Jerry: The best way to think of our corporate roles – something like your “job” in an Acquisitions Incorporated franchise – is as a delicious frosting on top of your existing class. It doesn’t override anything about your base class, and only serves to add cool flavor, extra capabilities, and a responsibility at the table that helps set you apart. They can level up with performance, deliver more powerful abilities, all the classic Level Up moments you like about a class, but with its own little track.
Is there any part of the book that’s particularly near and dear to your heart?
Jerry: Gosh. I mean, it’s been a yearlong labor of love putting all this together. We had a chance to do the whole thing exactly how we wanted to. But the main thing for me is the scale and talent of the team that built it. My fantasy is that I’ll get a chance to do another book with them, someday.
Can you tell me a little more about that team?
Elyssa: We worked with collaborators with a vast array of experience, perspective, and even geographic location. A good portion of the Penny Arcade team worked on this book in some capacity, with Jerry Holkins as one of the Creative Directors, and Francisco “Kiko” Villasenor and Mike Krahulik as Art Directors. The Wizards of the Coast’s D&D team of Jeremy Crawford, Shauna Narciso, Bill Benham, Dan Tovar, and more worked closely with us throughout the project to make this a true collaboration between the world of D&D and Acquisitions Incorporated.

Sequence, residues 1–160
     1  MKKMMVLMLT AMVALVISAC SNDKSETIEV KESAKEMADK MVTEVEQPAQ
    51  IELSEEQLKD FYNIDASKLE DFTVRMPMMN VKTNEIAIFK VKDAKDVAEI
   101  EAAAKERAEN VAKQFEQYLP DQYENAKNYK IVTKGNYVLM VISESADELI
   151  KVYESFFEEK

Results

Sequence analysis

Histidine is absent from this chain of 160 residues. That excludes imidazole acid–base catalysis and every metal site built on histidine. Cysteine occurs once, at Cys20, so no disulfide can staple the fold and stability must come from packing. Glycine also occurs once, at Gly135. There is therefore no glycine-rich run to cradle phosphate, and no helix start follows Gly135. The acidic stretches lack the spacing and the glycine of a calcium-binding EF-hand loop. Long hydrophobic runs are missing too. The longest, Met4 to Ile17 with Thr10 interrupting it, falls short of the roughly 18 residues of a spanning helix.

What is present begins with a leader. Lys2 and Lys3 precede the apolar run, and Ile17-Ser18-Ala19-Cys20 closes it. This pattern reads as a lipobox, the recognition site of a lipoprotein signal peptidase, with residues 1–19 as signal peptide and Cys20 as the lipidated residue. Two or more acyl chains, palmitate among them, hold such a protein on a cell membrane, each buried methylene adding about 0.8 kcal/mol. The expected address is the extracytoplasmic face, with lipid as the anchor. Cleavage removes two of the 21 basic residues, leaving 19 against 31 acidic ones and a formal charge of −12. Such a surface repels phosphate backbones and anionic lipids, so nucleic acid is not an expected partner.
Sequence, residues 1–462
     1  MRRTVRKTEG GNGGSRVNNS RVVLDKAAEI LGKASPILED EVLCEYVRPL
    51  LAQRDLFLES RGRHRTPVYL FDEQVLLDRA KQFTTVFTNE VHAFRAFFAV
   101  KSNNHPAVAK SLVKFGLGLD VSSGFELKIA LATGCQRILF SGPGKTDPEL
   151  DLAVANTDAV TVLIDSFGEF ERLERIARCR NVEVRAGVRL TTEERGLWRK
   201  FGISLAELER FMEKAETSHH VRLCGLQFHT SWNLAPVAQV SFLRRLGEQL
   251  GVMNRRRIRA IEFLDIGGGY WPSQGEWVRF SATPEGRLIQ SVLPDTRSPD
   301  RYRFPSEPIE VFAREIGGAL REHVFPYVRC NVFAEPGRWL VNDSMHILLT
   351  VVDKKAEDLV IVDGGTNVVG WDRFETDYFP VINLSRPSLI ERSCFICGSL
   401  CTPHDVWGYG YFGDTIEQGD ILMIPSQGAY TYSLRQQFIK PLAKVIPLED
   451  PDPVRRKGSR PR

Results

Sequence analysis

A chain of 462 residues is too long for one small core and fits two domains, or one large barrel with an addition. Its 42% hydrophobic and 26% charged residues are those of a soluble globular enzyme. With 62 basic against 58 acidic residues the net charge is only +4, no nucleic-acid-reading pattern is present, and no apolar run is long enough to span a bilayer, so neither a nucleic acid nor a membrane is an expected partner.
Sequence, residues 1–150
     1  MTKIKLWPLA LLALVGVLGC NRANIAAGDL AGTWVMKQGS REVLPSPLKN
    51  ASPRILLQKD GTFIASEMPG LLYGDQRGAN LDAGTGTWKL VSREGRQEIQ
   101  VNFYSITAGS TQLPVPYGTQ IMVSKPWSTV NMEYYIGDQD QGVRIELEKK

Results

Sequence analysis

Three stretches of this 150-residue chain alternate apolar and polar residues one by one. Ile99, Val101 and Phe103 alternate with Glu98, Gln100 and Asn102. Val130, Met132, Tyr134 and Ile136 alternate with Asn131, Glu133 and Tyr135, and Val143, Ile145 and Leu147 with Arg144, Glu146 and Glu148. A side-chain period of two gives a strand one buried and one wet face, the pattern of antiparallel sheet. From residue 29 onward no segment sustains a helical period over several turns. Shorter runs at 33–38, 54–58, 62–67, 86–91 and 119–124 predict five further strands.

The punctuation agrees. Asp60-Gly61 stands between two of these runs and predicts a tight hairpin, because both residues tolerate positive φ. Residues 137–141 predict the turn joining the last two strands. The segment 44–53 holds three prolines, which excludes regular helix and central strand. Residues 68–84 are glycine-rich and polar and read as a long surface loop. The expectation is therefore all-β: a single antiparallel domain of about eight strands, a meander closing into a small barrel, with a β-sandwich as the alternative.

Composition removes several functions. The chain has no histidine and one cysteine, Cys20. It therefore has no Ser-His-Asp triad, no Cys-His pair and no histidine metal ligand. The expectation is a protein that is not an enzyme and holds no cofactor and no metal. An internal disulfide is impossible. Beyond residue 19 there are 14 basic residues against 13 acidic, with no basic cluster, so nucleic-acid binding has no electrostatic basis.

Scott Fitzgerald Gray, our Managing Editor and one of our Creative Directors on the book, has worked on almost every recent D&D book as either a writer, designer, or copy editor. Our two main writers, Shawn Merwin and Teos Abadía, have worked on many modules, including the Acquisitions Incorporated module release of Cloud Giant’s Bargain, as well as contributed to organized play materials.
The majority of our Acquisitions Incorporated players have contributed as writers, with Amy T. Falcone designing the textures and general look and feel of the book, and Kris Straub created illustrations for the book.
The book includes over 100 illustrations in several different styles. Our goal was to create a book with the look and feel of both D&D’s high fantasy style and Penny Arcade’s more comic or illustrative styles. Our team ranged from artists such as Aviv Or, who designed our iconic job position characters, to cartographers like Jason Engle, to high fantasy artists such as Tyler Jacobson, Daarken, Carmen Sinek, and Leesha Hannigan, Michele Giorgi, and many more.
Do you have any tips for a brand-new Dungeon Master using this book to run a campaign for the first time?
Jerry: One of the cooler things about the book, I think, is that its tone is really established early on to invite the reader in – whether they’re a player, or a Dungeon Master interested in the systems that manage franchises or the campaign at the end that brings it all together. The language is clear, but friendly – with the kinds of suggestions you’d offer a friend for their campaign. But the main thing to keep in mind is that players are going to love their franchise, and want to take care of it. And one of the ways you can make that really sing is to deliver great NPCs that work for it – they’re helpful, but they’re also a great way to personify certain aspects of the company that players will love to come back to.
Join the ranks of Acquisition Incorporated this summer for a retail price of $49.95.
All Images: Wizards of the Coast / Penny Arcade
Featured Image by Tyler Jacobson
Illustrations by Aviv Or and Cover Art by Mike Krahulik